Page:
See Williams v. Smith, 781 F.2d 319, 322 (2d Cir. 1986); Barbera v. Smith, 836 F.2d 96, 99 (2d Cir. 1987), cert. denied, 489 U.S. 1065 (1989); Washington Square Post # 1212 v. City of New York, 720 F. Supp. 337, 347 (S.D.N.Y. 1989), rev'd on other grounds, 907 F.2d 1288 (2d Cir. 1990); Lee v. Carlson, 645 F. Supp. 1430, 1436 (S.D.N.Y. 1986), aff'd mem., 812 F.2d 712 (2d Cir. 1987).
Furthermore, taking all of the facts alleged by Pou as true and construing all inferences drawn therefrom in Pou's favor, see Adickes v. S.H. Kress & Co., 398 U.S. 144, 157, 26 L. Ed. 2d 142, 90 S. Ct. 1598 (1970), Fritzen and Rogers would be entitled to qualified immunity. See Harlow v. Fitzgerald, 457 U.S. 800, 818, 73 L. Ed. 2d 396, 102 S. Ct. 2727 (1982); Butz v. Economou, 438 U.S. 478, 507, 57 L. Ed. 2d 895, 98 S. Ct. 2894 (1978). When Pou's vehicle was stopped on October 16, 1988, Fritzen and Rogers knew that a search warrant authorizing the search of Pou's vehicle had been issued. See Fritzen Decl. PP 4, 7; Rogers Decl. P 3. Under the circumstances as alleged, a reasonable officer would have believed that his reliance upon a facially valid search warrant obtained by another officer was lawful. See Salmon v. Schwarz, 948 F.2d 1131, 1140-41 (10th Cir. 1991); Morris v. County of Tehama, 795 F.2d 791, 795 (9th Cir. 1986).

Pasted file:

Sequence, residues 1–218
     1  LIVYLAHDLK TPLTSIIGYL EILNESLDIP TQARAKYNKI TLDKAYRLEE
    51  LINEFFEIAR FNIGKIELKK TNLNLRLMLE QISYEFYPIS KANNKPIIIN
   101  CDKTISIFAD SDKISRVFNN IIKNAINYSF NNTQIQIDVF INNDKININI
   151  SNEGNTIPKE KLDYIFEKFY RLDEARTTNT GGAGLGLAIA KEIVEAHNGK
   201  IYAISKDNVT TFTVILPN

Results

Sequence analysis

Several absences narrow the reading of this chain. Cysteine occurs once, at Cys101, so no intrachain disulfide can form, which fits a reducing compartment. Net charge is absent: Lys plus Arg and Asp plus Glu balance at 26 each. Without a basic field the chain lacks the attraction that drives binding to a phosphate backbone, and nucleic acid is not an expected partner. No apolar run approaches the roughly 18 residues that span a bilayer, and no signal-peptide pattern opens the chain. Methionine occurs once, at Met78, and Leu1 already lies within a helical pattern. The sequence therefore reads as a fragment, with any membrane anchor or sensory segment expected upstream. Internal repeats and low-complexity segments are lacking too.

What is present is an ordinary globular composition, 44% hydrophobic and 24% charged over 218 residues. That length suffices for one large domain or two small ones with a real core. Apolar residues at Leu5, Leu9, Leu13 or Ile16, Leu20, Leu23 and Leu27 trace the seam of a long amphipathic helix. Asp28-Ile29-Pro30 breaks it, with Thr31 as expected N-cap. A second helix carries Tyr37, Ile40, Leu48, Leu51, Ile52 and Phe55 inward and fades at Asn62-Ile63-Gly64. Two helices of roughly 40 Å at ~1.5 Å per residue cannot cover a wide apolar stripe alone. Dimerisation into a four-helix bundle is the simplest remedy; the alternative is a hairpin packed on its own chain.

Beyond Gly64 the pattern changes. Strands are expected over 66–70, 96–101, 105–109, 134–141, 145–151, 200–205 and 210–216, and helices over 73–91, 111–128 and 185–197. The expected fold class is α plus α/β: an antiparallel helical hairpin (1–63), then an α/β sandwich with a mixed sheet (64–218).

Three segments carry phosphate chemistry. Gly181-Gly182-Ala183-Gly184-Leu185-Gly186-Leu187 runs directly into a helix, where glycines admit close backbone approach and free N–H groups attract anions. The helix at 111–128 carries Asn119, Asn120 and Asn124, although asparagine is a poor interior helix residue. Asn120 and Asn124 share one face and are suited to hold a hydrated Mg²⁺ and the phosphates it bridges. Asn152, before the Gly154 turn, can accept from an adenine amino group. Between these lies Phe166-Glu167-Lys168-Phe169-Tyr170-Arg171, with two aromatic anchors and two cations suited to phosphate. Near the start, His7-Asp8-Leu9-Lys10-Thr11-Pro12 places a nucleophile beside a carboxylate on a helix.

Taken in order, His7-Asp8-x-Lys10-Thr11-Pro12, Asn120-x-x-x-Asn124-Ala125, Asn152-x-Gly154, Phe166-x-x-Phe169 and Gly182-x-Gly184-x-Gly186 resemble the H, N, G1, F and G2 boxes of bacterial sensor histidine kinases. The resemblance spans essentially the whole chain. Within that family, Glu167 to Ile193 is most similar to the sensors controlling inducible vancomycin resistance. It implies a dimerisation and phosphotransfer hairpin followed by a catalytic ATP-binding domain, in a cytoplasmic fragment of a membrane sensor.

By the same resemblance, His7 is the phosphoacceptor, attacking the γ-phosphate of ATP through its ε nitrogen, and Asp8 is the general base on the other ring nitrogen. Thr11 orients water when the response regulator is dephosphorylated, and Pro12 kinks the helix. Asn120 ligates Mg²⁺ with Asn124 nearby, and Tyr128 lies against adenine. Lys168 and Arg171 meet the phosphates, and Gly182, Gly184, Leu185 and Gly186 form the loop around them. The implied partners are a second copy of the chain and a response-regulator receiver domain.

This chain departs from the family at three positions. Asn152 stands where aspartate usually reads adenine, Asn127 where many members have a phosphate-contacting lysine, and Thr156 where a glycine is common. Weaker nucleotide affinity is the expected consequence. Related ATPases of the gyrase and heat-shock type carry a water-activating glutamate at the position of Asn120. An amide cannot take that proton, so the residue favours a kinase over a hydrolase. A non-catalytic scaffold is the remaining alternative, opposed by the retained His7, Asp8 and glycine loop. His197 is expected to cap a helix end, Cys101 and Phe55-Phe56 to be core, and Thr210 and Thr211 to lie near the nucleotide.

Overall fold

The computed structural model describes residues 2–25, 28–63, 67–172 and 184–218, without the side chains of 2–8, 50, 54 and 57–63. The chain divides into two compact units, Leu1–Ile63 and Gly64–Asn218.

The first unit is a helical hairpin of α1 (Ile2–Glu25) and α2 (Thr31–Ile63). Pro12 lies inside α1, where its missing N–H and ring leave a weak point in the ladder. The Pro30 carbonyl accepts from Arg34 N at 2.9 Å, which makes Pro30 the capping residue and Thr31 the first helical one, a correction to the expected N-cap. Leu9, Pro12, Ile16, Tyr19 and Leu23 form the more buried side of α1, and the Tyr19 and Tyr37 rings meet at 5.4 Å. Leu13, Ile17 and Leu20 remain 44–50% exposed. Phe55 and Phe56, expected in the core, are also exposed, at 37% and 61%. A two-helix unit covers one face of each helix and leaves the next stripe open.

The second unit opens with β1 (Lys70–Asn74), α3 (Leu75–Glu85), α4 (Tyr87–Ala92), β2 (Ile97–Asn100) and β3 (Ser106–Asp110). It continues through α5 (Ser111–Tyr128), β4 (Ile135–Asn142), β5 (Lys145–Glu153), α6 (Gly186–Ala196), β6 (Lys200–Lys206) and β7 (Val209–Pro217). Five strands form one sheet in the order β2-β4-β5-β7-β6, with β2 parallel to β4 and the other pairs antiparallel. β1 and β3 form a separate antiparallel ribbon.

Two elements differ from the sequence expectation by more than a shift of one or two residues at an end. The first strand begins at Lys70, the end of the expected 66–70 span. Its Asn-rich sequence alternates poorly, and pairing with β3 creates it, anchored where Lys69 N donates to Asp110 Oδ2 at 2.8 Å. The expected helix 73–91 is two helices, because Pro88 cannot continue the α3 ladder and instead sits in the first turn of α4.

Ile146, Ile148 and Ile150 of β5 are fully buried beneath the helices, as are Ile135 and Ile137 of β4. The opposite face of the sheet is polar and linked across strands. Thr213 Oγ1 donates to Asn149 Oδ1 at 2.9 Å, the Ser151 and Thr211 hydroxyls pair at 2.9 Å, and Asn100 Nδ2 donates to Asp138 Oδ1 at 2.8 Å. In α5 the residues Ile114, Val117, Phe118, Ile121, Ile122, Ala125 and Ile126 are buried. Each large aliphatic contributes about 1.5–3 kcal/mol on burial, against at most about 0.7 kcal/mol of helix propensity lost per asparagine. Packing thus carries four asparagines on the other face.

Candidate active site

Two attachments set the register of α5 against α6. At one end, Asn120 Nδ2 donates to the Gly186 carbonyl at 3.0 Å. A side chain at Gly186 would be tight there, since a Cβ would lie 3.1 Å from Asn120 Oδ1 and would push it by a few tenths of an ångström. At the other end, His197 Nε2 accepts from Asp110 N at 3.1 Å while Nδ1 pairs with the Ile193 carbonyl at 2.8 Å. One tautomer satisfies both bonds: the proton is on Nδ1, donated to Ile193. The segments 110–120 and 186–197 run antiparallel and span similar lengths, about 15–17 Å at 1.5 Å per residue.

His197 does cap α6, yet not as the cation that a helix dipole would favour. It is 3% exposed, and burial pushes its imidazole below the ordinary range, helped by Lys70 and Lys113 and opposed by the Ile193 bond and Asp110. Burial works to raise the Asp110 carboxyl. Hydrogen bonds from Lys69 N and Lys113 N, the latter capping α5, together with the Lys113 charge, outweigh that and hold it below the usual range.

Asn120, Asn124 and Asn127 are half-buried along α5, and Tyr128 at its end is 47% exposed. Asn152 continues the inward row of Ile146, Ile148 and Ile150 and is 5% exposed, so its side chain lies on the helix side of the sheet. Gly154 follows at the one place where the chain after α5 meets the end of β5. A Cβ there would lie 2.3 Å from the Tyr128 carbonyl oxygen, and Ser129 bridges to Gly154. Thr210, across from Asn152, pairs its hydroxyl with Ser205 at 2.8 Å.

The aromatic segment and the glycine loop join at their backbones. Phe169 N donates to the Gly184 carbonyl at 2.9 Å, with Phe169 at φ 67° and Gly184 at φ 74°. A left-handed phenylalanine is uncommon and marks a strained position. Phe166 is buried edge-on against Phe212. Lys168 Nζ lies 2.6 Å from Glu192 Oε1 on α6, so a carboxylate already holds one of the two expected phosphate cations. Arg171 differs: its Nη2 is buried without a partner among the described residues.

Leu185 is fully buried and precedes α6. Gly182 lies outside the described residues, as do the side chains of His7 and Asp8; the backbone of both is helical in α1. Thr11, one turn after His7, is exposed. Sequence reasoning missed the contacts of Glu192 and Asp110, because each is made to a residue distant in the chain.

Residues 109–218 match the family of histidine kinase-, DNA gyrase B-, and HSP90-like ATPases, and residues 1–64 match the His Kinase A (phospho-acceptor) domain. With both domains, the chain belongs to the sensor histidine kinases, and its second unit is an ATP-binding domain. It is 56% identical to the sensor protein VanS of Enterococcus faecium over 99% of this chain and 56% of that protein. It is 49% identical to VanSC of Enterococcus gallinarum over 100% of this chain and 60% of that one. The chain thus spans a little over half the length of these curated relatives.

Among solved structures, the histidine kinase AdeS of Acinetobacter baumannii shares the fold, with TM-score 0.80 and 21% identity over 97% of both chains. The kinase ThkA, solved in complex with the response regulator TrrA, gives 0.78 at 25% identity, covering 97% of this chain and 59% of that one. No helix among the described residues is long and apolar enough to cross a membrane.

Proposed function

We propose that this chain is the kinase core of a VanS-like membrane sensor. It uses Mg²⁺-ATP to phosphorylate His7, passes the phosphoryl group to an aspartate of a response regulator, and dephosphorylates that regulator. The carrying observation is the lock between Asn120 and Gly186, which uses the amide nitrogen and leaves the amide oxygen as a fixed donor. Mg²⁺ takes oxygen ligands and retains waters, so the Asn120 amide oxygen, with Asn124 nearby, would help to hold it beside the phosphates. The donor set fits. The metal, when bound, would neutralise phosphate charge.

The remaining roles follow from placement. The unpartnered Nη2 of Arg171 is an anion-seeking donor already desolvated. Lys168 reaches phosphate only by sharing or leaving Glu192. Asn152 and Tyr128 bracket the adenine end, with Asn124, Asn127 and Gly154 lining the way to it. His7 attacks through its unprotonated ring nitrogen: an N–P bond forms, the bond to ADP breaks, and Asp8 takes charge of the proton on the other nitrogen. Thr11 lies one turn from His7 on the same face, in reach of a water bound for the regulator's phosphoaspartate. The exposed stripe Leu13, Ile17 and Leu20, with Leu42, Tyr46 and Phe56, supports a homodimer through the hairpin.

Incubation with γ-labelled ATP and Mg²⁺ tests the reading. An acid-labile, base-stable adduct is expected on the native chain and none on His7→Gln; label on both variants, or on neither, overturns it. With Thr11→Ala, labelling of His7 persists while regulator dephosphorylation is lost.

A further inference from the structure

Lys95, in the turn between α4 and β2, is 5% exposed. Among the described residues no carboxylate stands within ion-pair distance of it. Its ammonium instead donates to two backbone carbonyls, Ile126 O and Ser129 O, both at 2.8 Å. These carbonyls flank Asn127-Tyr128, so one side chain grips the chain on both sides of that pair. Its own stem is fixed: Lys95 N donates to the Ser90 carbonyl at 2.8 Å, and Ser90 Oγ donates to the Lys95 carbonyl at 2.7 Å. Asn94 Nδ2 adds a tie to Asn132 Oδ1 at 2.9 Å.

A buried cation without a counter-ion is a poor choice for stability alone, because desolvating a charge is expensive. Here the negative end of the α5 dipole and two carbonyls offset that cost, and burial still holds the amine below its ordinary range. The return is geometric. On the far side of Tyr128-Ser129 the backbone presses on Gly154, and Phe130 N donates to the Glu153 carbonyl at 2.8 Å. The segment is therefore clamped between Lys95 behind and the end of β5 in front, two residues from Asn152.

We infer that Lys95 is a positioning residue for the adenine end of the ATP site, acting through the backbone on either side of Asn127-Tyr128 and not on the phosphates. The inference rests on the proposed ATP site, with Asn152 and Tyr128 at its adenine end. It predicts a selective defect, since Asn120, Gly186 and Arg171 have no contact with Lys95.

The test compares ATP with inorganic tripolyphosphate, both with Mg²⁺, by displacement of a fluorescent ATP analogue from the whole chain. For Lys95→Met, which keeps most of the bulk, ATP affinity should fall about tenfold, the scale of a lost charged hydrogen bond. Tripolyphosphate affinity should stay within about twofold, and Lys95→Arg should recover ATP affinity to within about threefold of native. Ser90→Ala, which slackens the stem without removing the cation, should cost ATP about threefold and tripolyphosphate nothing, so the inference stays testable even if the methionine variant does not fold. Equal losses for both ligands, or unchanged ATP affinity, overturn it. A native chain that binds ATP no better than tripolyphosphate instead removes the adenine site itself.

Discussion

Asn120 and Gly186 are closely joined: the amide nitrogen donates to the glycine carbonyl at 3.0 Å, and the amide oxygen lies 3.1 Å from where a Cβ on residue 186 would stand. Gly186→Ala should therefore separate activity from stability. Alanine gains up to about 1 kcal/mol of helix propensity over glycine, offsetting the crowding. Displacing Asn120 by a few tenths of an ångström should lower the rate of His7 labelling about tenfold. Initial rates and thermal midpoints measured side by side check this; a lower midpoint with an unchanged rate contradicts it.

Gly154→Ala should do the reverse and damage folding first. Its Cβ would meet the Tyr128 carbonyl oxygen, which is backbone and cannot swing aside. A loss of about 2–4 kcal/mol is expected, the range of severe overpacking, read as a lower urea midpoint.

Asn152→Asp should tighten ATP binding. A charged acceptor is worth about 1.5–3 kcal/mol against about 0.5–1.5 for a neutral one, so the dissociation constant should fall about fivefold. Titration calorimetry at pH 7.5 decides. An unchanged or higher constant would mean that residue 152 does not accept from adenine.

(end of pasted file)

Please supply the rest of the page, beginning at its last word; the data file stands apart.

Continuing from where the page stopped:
For the reasons set forth above, defendants' motion for summary judgment shall be and hereby is granted. Accordingly, the Clerk of Court is directed to dismiss the complaint as to defendants DEA, Fritzen and Rogers.
It is SO ORDERED.
Dated: New York, New York
April 26, 1996
John E. Sprizzo
United States District Judge